NEW YORK (TheStreet) -- The gold price spiked up over twenty bucks the moment that trading began in New York at 6 p.m. on Sunday night, so it was obvious that there were no sellers around at the open. But a seller or last resort appeared seconds later, and within fifteen minutes, "da boyz" had the price back under control.
From that point, nothing happened until the price began to head lower at 1 p.m. BST in London, and shortly before the stock market opened in New York, gold had hit its low tick of the day, which the CME recorded at $1,322.00 spot in the December contract.
The subsequent rally, which really developed some legs around 10:45 EDT, got cut off at the knees just a few minutes before London closed for the day. After that, the gold price chopped lower into the 5:15 p.m. electronic close.Gold finished the New York session at $1,327.90 spot, which was down $8.30 from Friday's close. It would have obviously finished materially higher if it had not been interfered with, which it obviously was. Net volume was fairly light at only 124,000 contracts. The silver price action certainly had more shape to it, or volatility, as some so-called analysts like to say. The spike over $22 at the Sunday night open in New York got dealt with in the usual manner, and from there it got sold down to its Far East low around 1 p.m. Hong Kong time. The subsequent rally lasted until about 9:30 a.m. BST in London, before getting sold down to its absolute low of the day [$21.435 in Dec.] at 9:15 a.m. EDT. From there it rallied a bit until, like gold, it blasted higher shortly after the London p.m. gold fix. And, also like gold, it ran into a not-for-profit seller within minutes of breaking above $22 spot once again. After getting sold down to around $21.70 spot, the silver price traded sideways for the rest of the New York session, with every little rally attempt [also like gold's] getting sold down before it got anywhere. Silver closed at $21.705 spot, down 7.5 cents from Friday. Net volume was pretty light at 34,000 contracts. Here's the New York Spot Silver [Bid] chart on its own, so you can see yesterday's trading activity in more detail. The platinum chart is a mini version of the silver chart, with the only real difference being the size of the rally between the New York low at 9:15 EDT, and the subsequent high that was set shortly before 11 a.m. EDT. Platinum was down a percent when all was said and done. It was virtually the same for palladium. Here are the charts. The dollar index, which closed in New York at 80.26 on Friday, popped 10 basis points at the open on Sunday night, and then chopped slightly lower until 1 p.m. in London, which was 8 a.m. in New York. Then, in less than an hour, the index shed around 25 basis points, with the low tick of 80.05 coming just minutes before 9 a.m. in New York. And, for the third time in ten days, there was a deep-pocket buyer waiting to catch a falling knife and prevent the dollar from taking out 80.00 to the down side once again. From there, the dollar index chopped higher into the close, finishing the Monday session at 80.22, which was down 4 basis points on the day. If you can see any correlation between the precious metal price action and the dollar index, especially between 8 a.m. and 9:15 a.m. EDT, I'd love to hear from you. The gold stocks struggled valiantly on either side of unchanged for the entire New York trading session, and the HUI finished down a tiny 0.17%. It could have been worse. The silver stocks spent virtually the entire day in the red, and Nick Laird's Intraday Silver Sentiment Index closed down 1.49%. The CME's Daily Delivery Report for "Day 2" of the October delivery month showed that 118 gold and 6 silver contracts were posted for delivery within the Comex-approved depositories on Wednesday. There were no stand-out issuers in gold, but the biggest long/stopper was HSBC USA, as they picked up 92 contracts. The link to yesterday's Issuers and Stoppers Report is here. There were no reported changes in either GLD or SLV yesterday. Over at the U.S. Mint they had a small sales report to round out the month of September. They reported selling 488,000 silver eagles, and nothing else. For the month, the mint sold 13,000 ounces of gold eagles; 10,000 one-ounce 24K gold buffaloes; and 3,013,000 silver eagles. Based on these sales figures, the silver/gold sales ratio works out to 131 to 1. Year-to-date the mint has sold 36,088,000 silver eagles, so unless something unforeseen pops up between now and year end, silver eagles sales should set a new sales record by a wide margin, and well over the 40 million mark. By the way, those 36 million silver eagles sold so far this year equates to a bit more than all the silver that the U.S.A. will dig out of the ground in 2013. One can only wonder how much silver the U.S. will have to import this year to meet overall physical demand. There wasn't much in/out activity in either gold or silver over at the Comex-approved depositories on Friday. In gold, only 482 troy ounces was reported shipped out, and in silver it was only 88,645 troy ounces that met the same fate. Since this is my Tuesday column, I have a fair number of stories for you today, and I hope you can find the time to wade through them all.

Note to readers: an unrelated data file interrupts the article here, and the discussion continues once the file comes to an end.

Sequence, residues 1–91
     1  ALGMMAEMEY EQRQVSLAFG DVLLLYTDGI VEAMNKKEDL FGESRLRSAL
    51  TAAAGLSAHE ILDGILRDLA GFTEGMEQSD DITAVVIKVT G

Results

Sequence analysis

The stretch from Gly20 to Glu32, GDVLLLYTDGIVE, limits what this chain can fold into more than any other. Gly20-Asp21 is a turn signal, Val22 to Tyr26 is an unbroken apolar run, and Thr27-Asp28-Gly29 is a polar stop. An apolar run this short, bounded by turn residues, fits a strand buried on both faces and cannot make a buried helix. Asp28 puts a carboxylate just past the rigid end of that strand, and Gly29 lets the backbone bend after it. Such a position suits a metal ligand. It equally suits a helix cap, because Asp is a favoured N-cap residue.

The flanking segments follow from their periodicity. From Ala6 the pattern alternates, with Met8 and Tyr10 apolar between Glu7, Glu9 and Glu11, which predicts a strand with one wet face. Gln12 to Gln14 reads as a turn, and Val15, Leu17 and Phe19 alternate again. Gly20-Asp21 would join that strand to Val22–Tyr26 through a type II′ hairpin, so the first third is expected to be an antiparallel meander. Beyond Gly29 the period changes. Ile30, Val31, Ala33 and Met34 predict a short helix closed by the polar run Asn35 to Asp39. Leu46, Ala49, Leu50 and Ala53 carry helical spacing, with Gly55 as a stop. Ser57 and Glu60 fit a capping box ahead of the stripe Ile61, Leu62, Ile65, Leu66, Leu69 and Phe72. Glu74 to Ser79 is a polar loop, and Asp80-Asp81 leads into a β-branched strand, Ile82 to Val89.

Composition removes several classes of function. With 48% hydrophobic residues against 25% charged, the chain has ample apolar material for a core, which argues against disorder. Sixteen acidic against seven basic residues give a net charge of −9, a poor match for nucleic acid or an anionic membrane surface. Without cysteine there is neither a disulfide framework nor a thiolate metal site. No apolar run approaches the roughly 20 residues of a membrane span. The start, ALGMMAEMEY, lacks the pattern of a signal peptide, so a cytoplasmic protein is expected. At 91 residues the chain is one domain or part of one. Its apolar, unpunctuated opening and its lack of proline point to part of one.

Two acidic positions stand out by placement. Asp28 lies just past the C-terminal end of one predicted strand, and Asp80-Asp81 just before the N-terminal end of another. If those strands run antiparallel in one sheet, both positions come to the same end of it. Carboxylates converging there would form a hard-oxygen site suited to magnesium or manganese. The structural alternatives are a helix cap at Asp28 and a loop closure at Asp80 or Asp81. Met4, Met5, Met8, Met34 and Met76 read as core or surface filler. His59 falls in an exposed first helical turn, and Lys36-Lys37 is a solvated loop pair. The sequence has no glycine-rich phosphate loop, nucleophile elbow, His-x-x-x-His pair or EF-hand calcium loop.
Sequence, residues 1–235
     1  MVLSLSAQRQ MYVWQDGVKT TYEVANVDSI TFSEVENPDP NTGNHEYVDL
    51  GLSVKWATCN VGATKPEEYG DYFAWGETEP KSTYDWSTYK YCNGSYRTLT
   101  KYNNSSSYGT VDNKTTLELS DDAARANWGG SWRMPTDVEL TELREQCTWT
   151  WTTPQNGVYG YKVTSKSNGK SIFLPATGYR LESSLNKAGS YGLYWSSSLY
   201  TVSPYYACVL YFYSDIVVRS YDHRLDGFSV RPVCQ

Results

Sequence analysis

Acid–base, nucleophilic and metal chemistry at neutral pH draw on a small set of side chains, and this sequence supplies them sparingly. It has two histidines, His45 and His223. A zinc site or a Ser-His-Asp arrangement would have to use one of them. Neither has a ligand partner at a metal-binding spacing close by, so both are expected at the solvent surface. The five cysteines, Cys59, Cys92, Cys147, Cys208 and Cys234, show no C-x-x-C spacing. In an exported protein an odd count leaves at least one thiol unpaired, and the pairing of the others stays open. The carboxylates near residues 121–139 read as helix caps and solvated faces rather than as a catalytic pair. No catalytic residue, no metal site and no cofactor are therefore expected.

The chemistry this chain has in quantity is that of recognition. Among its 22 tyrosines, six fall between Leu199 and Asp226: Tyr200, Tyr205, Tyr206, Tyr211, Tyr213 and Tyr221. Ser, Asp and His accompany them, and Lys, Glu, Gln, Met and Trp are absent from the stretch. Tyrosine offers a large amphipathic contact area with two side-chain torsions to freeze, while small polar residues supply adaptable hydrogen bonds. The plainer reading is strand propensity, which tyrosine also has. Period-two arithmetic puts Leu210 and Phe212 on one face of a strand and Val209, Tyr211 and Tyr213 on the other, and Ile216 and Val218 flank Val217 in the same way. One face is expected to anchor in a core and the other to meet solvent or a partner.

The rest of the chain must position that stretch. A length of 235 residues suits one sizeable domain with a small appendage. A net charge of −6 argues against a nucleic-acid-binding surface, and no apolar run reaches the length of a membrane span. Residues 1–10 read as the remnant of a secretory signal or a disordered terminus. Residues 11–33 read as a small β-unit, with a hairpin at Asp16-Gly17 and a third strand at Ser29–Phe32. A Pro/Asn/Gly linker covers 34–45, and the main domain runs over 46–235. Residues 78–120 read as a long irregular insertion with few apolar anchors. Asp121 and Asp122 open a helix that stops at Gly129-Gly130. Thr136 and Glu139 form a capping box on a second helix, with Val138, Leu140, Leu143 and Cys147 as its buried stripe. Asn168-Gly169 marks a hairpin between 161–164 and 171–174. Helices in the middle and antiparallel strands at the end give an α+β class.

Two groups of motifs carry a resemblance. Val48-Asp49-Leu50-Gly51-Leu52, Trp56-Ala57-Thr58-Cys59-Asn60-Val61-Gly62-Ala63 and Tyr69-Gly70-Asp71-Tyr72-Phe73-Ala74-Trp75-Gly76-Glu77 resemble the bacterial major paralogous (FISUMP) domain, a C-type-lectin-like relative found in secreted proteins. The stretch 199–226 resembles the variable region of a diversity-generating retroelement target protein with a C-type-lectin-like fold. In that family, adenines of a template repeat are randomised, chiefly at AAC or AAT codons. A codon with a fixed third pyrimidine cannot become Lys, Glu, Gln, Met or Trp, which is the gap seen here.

¤ The WrapIf the CFTC or JPMorgan could have refuted the sole issue that led to the original investigation and all subsequent allegations of manipulation on my part, both would have done so. In a real sense, I am trying to help the agency and JPM explain away the data and market facts and have them shoot down my allegations that JPMorgan is manipulating silver and gold prices. Yes, I’m trying to make it easy for the CFTC and JPMorgan to make this all go away for good and even put me out to pasture (only figuratively speaking please). It’s simple – all either has to do is explain why JPMorgan’s historic (over the past 5 years) concentrated holdings of as much as 25% to 40% of the COMEX gold and silver market wouldn’t necessarily be market corners and manipulative to prices. If either could offer a legitimate explanation, there would be no allegations on my part. But that legitimate explanation does not exist, and both the CFTC and JPMorgan are trying their best to avoid even a discussion of concentration in COMEX gold and silver for fear it would open a can of worms. So the only alternative is to close the investigation with no full explanation and for JPMorgan to continue to ignore credible allegations of illegal market behavior. As it turns out, the CFTC had no other practical choice but to lie. - Silver analyst Ted Butler… 28 September 2013 It should be obvious to anyone with an open mind that the precious metal prices were heavily regulated yesterday, as every rally attempt, not matter how big or small, got crushed before they could get very far, especially the New York open on Sunday night. Of course silver was kept under the $22 price mark once again. Here's the 30-day chart. Other than that, there's not too much to add to yesterday's price action. Yes, volume was on the lighter side, but until the sellers of last resort showed up, all the metals would have obviously closed materially higher. I'm sure that JPMorgan et al are actively intervening [with the Fed's consent] to keep prices contained in the Comex futures market as the U.S. government goes through the trials and tribulations of the budget impasse, along with the impending shut-down of parts of the U.S. government. How long this lasts, and how successful it will be, is still unknown. But so far, they haven't had much trouble keeping gold and silver prices in check. Today, at the close of Comex trading, is the cut-off for this Friday's Commitment of Traders report. Just glancing at the gold and silver charts for the four reporting days so far, the price of both metals have been held as flat as a pancake, and note that fact in the above chart. As you can tell, this is not normal free-market price action, as it's obvious that "da boyz" have prices locked down. Gold and silver prices didn't do much in Far East trading on their Tuesday until 1 p.m. local time, and then they rallied a bit into the London open. Volumes are extremely light, with the emphasis on "extremely," and much lighter than this time on Monday. Based on that, I wouldn't read much into the current price action, either up or down. I note that the dollar index, which was barely above the 80.00 level during most of the Far East trading session, took a header shortly after 2 p.m. local time in Hong Kong, and dropped down to the 79.87 mark before a buyer of last resort showed up just minutes before the London open. The index is barely above the 80.00 mark as I hit the send button on today's column at 5:20 a.m. EDT, but all four precious metals have now been sold back to almost unchanged on the back of the dollar index "rally" off its low. Before heading off to bed, I'd like to point out something that you're probably already aware of, and that's the pre-show promotion of the Casey Research 2013 Summit Audio Collection. The Summit itself starts this Friday and ends on Sunday, October 6. The pre-show pricing will be valid until the product is ready to ship, which will be a few days after the show is over. All you need to know about this offer is linked here, and there's no cost to you just to check it out, which I urge you to do. See you tomorrow.